The outlook for UK defence companies is brighter than for the general engineering sector, which has ...
The outlook for UK defence companies is brighter than for the general engineering sector, which has been in decline for the past decade.
From December 1990 to December 1999 the FTSE All Share engineering sector has underperformed the FTSE All Share by 81%.
Tony Nutt, investment manager at Jupiter Asset Management points out that engineering companies are rated quite low, especially those with exposure to the automotive sector.
"The money going into the automotive sector has been declining all year, especially with the demise of Rover, despite value stocks having rallied with the decline of technology, media and telecoms." Steven Payne, UK fund manager at Framlington says he is not very keen on engineering stocks and that the slowing global economic backdrop has not been favourable to them. Valuations in the general engineering and machinery sectors remain low, he says.
Payne notes that there has been a drip feed of profit downgrades among engineering companies with a number of them alluding to the US slowdown affecting performance.
Glynwed has issued a profit downgrade and is planning to demerge two of its main business areas. The company does not look attractive and its output remains poor, Payne says.
Nutt notes that Invensys was one of the first companies to issue a profit warning in September and then saw its price fall 40%. Nutt and Payne agree that the defence sector is one of the more attractive sectors.
Payne says: "Aerospace looks better with defence spending on the increase. The joint strike fighter programme is creating healthy demand in the sector. The commercial side is doing better than expected. We had been expecting a slowdown from Boeing but it has not been as bad as forecast, overall it looks good."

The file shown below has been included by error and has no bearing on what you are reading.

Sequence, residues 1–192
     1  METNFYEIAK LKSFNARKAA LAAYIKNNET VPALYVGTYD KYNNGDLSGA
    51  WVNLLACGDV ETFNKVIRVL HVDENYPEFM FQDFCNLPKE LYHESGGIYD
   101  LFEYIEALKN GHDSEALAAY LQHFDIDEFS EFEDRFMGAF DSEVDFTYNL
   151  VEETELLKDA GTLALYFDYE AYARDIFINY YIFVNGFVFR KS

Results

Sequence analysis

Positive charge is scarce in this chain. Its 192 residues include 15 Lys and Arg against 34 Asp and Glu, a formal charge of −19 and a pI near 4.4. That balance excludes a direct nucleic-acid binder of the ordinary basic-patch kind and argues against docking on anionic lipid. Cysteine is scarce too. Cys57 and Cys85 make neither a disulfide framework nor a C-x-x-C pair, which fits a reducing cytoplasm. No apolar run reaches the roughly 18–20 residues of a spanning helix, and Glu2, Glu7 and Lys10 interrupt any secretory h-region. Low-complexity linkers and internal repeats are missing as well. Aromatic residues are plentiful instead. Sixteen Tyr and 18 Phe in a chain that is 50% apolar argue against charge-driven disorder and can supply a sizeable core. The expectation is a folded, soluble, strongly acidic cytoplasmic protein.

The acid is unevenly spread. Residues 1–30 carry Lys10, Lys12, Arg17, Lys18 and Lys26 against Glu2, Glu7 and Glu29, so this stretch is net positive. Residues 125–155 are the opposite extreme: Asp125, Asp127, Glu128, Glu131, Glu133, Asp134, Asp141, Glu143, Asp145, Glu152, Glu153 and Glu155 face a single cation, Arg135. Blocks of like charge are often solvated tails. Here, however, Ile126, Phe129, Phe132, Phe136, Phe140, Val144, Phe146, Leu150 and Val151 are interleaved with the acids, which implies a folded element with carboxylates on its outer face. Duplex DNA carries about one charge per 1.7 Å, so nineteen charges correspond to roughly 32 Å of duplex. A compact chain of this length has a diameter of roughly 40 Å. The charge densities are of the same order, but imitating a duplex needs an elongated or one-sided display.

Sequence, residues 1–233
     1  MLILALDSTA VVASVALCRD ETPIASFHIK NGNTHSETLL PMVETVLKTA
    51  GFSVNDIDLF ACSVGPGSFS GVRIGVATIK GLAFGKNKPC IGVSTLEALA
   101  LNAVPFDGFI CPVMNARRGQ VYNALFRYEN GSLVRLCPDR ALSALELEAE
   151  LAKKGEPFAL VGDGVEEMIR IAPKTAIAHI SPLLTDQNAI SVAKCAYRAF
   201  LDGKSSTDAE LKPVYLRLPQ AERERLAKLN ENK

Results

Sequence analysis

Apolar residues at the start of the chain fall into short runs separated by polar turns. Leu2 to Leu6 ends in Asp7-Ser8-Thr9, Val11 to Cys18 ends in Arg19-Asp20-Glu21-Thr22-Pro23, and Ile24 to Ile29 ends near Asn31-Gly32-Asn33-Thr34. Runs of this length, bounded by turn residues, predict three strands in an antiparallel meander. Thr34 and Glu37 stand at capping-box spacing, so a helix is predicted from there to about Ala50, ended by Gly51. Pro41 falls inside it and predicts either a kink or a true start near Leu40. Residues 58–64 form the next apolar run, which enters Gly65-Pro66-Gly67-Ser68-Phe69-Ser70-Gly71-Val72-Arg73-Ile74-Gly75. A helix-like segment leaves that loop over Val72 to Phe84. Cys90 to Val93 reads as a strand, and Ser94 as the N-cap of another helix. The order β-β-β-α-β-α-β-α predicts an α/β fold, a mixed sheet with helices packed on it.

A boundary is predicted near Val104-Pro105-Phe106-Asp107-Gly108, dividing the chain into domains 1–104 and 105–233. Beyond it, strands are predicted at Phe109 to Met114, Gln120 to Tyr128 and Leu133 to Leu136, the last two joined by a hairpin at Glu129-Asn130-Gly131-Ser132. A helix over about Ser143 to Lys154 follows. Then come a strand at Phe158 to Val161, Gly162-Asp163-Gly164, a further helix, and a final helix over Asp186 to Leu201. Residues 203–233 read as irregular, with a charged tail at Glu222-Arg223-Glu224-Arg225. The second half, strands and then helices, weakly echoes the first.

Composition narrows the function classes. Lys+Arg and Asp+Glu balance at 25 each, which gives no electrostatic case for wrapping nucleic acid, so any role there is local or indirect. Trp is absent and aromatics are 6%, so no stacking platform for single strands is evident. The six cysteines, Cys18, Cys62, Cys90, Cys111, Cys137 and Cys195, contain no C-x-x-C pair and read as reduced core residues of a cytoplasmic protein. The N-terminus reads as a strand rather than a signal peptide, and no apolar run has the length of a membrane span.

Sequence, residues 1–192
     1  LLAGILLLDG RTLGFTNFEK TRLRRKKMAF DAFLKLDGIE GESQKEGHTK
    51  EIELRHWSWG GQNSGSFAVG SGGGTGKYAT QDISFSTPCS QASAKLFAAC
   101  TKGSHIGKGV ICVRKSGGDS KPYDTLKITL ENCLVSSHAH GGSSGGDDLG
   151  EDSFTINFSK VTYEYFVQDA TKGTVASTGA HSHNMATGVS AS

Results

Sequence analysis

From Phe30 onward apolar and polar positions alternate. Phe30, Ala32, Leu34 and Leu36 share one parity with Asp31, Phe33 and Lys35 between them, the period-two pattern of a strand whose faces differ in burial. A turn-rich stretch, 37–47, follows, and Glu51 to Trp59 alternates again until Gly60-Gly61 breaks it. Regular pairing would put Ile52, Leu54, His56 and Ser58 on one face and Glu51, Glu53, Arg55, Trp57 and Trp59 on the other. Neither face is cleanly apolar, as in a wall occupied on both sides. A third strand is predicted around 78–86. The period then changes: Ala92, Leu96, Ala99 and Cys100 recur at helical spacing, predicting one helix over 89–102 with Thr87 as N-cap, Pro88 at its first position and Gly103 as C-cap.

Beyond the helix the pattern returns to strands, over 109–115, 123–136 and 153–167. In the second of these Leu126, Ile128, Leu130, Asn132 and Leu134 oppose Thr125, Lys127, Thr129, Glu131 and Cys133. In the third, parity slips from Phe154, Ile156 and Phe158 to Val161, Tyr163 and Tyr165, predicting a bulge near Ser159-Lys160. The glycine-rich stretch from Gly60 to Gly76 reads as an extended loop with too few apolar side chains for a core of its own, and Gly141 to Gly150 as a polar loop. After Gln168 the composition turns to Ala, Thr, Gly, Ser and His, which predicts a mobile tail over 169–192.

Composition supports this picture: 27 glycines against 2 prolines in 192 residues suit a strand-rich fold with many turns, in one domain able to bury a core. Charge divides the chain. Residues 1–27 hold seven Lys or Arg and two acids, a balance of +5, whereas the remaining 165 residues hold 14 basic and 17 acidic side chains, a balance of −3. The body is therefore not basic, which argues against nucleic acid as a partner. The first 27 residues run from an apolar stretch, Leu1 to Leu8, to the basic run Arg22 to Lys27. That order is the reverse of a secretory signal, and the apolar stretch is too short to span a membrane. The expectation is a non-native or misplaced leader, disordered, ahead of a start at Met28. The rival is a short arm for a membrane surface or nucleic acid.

According to Nutt, sentiment on the defence sector will be directed by the pronouncements made by the new US government. "Defence spending has been slowing for the past decade," he says. "The US is the big, defence manufacturing base, we are seeing more UK companies making alliances with US companies."
Nutt says that while he is upbeat on the outlook for the sector spending will probably continue to slow.
"The size of defence projects is getting larger but the number of them is getting smaller," he says. "We are seeing consolidation in the sector, especially in the US with aerospace."
Jupiter is underweight defence as it thinks defence stocks are fairly valued. It is a sector to invest in when there are a significant number of profitable orders, which it is not seeing enough of to convince it that the sector is undervalued.
Valuations in aerospace are higher than in general engineering but justifiably so, Payne thinks. Framlington is overweight aerospace and defence. Its largest holding is in Cobham and it also has holdings in Smith Industries.
Jupiter is marginally underweight engineering.
Nutt notes that T.I. Group and Smith Industries are merging in an attempt to get a higher rating, which, thus far, has not succeeded.
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